This approach is particularly helpful in that it takes some of the focus away from the substance abuser and is not as rigidly structured as some of the other intervention models as well.
Motivational Interviewing – Motivational Interviewing is one of the most flexible forms of intervention. This model usually involves one-on-one interactions between the professional interventionist and the addicted party. Many times, the presence of friends and family members is not beneficial.
Similar to psychological therapy, the sessions of a Motivational Interviewing Intervention are geared towards working out the root causes of addiction, what they can do to recover, and how it’s affecting the lives of others.
This model is characterized by a number of techniques aimed at helping the substance abuser to come to conclusions and work through problems by themselves rather than just absorbing information from others.
These techniques include affirmative statements, open-ended questions, reflective listening, and summarizing.
While this method can be especially effective at convincing the substance abuser to seek out treatment on their own (since many of the conclusions reached during the sessions come from the individuals themselves), not everyone will embrace or even agree to such sessions in the first place.
The next step in a successful intervention is gathering information. Not all substance use disorders are the same. Some drugs, for instance, may have especially intense physical cravings associated with them. Others, like certain hallucinogens, could only carry psychological addictions (which can still be incredibly difficult to overcome).
It can be especially useful, then, to study in-depth addiction guides for your loved one’s substance of abuse. That way, you can enter into the intervention knowing just what kinds of short- and long-term effects they can expect thanks to their addiction.
What’s more, doing your homework on the nature of addiction itself will give you a foundation of knowledge that will help you better understand just what they’re going through. Learning to see addiction as a disease rather than a matter of willpower, for example, may give you a whole new perspective on their mindset.
And finally, it is especially important to go into any intervention scenario with the various treatment options in mind. Doing so will help you explain the recovery process to them and help dispel any erroneous notions of what detox and recovery really entails.
Entering into an intervention knowing the variety of treatment options available for your loved one can be the difference between a positive outcome and a negative one. If you’re more able to clearly communicate that they have options that truly resonate with their situation, they’re likely to be more willing to seek recovery.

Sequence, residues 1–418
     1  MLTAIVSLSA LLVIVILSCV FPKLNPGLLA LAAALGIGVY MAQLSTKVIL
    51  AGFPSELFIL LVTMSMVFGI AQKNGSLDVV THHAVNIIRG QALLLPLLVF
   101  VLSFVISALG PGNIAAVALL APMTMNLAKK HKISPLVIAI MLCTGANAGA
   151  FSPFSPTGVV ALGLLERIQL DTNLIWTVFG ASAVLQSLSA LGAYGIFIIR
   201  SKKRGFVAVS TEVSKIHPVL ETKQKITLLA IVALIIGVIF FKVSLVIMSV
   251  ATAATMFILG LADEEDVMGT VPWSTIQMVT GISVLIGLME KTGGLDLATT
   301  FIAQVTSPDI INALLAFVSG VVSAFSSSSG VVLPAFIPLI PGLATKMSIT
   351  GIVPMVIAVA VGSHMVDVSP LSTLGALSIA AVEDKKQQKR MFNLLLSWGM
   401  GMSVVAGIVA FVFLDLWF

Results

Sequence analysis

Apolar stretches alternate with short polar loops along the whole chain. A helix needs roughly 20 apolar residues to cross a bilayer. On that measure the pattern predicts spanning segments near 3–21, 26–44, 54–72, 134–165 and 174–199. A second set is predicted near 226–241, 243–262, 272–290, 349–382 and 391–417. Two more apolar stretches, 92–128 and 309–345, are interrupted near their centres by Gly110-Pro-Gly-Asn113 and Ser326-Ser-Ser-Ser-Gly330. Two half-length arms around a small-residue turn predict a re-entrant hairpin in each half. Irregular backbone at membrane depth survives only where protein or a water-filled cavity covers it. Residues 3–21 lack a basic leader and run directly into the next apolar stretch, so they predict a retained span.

It’s worth mentioning that these options are not mutually exclusive. Many facilities will have some of these options, others may only have a few. The key here to is to find a treatment center that fits your specific needs while still employing evidence-based approaches to drug addiction treatment.
Below are just some of the treatment options available today. Familiarize yourself with each and be prepared to explain these treatment options to your loved one. Doing so will make their transition into recovery much easier.
Many insurance companies will cover 100% of the cost of outpatient treatment. Call today and find out if your plan qualifies. We can also help with financing. (208) 906-0782
After planning what type of intervention you’ll utilize and doing your homework on substance abuse and how it’s treated, it’s time to form the intervention team. While the planning group you’ve used to help set up the intervention so far can certainly be part of the intervention team, it doesn’t have to be the same.
You’ll want a mix of both family members and nonfamily members involved here. Typically, family members will have the most emotionally-charged reactions so its beneficial to have individuals outside of the familial unit to help keep the process on track.
After all, it’s important to keep the conversation level-headed so as not to cause the individual to abandon the intervention entirely.
Additionally, it’s also important to select the right location to hold the intervention. You’ll want to find a comfortable atmosphere that the individual won’t feel especially anxious in. What’s more, you’ll also want to avoid public places as this is obviously a very private situation.
And finally, you will undoubtedly want to bring in a professional interventionist into the mix if you haven’t already. This individual will help guide you through the process and ensure that your intervention stays on track throughout.
An interventionist can bring a whole new level of skill, experience, and professionalism to your intervention and help dramatically increase the odds of the addicted party seeking professional help.
Not only will they help you through every single step of the process (selecting which intervention approach is right for you, helping you create an effective intervention team, guiding you on what to say during the intervention, etc.), they’ll also be instrumental in carrying out the meeting according to plan.
They’ll also have a wealth of knowledge when it comes to substance abuse treatment so they’ll be especially effective at helping you convince your loved one to go to rehab.
In essence, they’re there to make your intervention infinitely more successful.
Although many insurance companies typically cover the costs of substance abuse rehabilitation to one degree or another, interventionists are not usually included in coverage plans.